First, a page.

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Standing Rock

Tuesday, July 20, 2010

Poverty on Reservations

(This information was found at the Abbe Museum website in Bar Harbor, Maine. This story happened across New England. President Obama and family recently vacationed at Bar Harbor. Hope Obama went to the Abbe.)
When Maine separated from Massachusetts and became a state in 1821, it took over Massachusetts’s treaty obligations and responsibility for the Indian communities. The state of Maine controlled the tribes’s money and resources—they held them in “trust.” “Indian agents” were assigned by the state to oversee the Native communities and to manage tribal money. The State of Maine did not allow Native people to manage their own money and resources. For instance, whenever money needed to be spent on the reservation the Indian Agent had to approve the project and give permission for their money to be spent.

Each week, the Indian agent gave each family a stipend to buy food, clothing, firewood and other necessities. This money belonged to the Native people, not to the State or to the Indian agent, but they were not allowed to have control over it! Many times the money given for a family’s necessities was far less than the necessities cost. For instance, in 1910, a cord of wood cost between $4 and $9, but only $3 was given to widows for their winter supply of wood.
Over the next 150 years, the State of Maine illegally and without permission from the tribes sold off, leased and transferred thousands of acres of Native land. The State also illegally authorized the harvesting and sale of Native timber and hay—and sold the timber and firewood back to the Native communities. In some cases, the State added money to the trust funds for the illegal sale of land and resources. In other cases, no payments were made. Interest on the deposits to these funds was supposed to be paid at six percent per year. From 1859 until 1969 no interest was ever paid to the tribes. Instead, it went to the Indian agents.
Without control over their own money and tribal resources, Native people suffered. Reservations were places of extreme poverty. Native language was outlawed through an act of the State Legislature. Sicknesses such as tuberculosis, measles and whooping cough swept through the communities. Native people were forced to learn farming and raise crops. Native children attended convent schools run by nuns and taught in English. In most cases, the only buildings recommended by the Indian agents for repair were the churches, schoolhouses and homes for nuns and priests. Indian agents remained in control of tribal resources and money until the mid-1970s.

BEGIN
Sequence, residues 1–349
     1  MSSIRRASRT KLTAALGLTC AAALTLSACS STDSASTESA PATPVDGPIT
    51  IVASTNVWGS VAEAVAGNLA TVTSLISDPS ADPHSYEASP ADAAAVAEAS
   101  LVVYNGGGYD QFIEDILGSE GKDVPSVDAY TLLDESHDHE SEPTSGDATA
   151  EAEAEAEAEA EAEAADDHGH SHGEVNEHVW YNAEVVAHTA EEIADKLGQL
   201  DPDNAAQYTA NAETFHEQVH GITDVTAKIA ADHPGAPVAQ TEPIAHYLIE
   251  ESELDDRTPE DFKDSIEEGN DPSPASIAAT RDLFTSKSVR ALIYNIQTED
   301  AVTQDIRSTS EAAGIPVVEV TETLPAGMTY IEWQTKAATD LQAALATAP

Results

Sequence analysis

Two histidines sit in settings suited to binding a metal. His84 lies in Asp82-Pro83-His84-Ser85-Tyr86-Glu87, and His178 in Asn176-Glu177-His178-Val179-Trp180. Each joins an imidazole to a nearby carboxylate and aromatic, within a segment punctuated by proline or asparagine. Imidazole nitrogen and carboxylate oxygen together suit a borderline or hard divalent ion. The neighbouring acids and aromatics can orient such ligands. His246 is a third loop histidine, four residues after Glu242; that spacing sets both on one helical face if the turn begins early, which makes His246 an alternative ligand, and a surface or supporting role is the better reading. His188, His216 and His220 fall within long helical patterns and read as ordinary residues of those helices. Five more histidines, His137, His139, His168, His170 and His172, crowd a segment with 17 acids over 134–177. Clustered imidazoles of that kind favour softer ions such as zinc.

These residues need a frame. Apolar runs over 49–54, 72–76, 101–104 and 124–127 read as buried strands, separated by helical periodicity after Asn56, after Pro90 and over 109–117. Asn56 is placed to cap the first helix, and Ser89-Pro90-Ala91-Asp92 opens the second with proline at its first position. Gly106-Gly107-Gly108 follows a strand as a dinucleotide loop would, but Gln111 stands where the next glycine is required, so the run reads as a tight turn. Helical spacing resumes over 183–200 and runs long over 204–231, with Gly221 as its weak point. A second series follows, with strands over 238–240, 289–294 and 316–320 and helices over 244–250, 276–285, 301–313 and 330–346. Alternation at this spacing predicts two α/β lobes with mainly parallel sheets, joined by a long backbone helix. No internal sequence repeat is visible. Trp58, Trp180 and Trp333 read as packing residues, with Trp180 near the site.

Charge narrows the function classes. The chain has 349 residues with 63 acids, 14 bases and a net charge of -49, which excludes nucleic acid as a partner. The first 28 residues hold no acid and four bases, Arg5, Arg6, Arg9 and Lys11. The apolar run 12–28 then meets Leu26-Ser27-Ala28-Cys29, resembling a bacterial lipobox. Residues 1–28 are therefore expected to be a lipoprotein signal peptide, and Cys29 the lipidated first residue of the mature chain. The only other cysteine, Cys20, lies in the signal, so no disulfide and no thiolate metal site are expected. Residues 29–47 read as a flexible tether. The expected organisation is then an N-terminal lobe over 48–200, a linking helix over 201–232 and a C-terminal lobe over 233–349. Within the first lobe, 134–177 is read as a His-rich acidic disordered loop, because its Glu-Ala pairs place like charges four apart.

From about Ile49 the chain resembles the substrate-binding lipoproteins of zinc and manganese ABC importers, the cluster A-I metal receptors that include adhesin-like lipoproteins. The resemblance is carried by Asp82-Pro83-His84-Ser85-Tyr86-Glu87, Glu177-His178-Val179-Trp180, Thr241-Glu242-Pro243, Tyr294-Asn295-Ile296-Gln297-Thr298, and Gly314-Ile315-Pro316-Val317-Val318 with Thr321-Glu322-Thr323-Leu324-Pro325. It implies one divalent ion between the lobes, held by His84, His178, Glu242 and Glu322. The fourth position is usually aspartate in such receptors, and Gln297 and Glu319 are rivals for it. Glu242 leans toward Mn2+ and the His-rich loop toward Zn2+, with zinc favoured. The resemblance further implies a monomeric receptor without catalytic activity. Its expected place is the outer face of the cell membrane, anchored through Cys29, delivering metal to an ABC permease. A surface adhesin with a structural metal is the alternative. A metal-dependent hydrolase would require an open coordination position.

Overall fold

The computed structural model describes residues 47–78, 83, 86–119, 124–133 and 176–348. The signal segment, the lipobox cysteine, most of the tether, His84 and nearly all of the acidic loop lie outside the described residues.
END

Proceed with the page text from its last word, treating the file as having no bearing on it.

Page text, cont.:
Photo: Whalebone point at the Abbe Museum
Visit the ABBE MUSEUM, PO Box 286, Bar Harbor, Maine 04609 (where President Obama and family had a mini-vacation recently)

2 comments:

  1. Thank you for your words.

    I just realized that although I'd linked to you at my weblog of adoption-related writing, a few minutes ago I also added your link on my "writers" blog as well, along with my other favorite Native writers.

    ReplyDelete
  2. Thank you for your words.

    I just realized that although I'd linked to you at my weblog of adoption-related writing, a few minutes ago I also added your link on my "writers" blog as well, along with my other favorite Native writers.

    ReplyDelete

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If you thought that ethnic cleansing was something for the history books, think again. This work tells the stories of Native American Indian adoptees "The Lost Birds" who continue to suffer the effects of successive US and Canadian government policies on adoption; policies that were in force as recently as the 1970's. Many of the contributors still bear the scars of their separation from their ancestral roots. What becomes apparent to the reader is the reality of a racial memory that lives in the DNA of adoptees and calls to them from the past.
The editors have let the contributors tell their own stories of their childhood and search for their blood relatives, allowing the reader to gain a true impression of their personalities. What becomes apparent is that nothing is straightforward; re-assimilation brings its own cultural and emotional problems. Not all of the stories are harrowing or sad; there are a number of heart-warming successes, and not all placements amongst white families had negative consequences. But with whom should the ultimate decision of adoption reside? Government authorities or the Indian people themselves? Read Two Worlds and decide for yourself.

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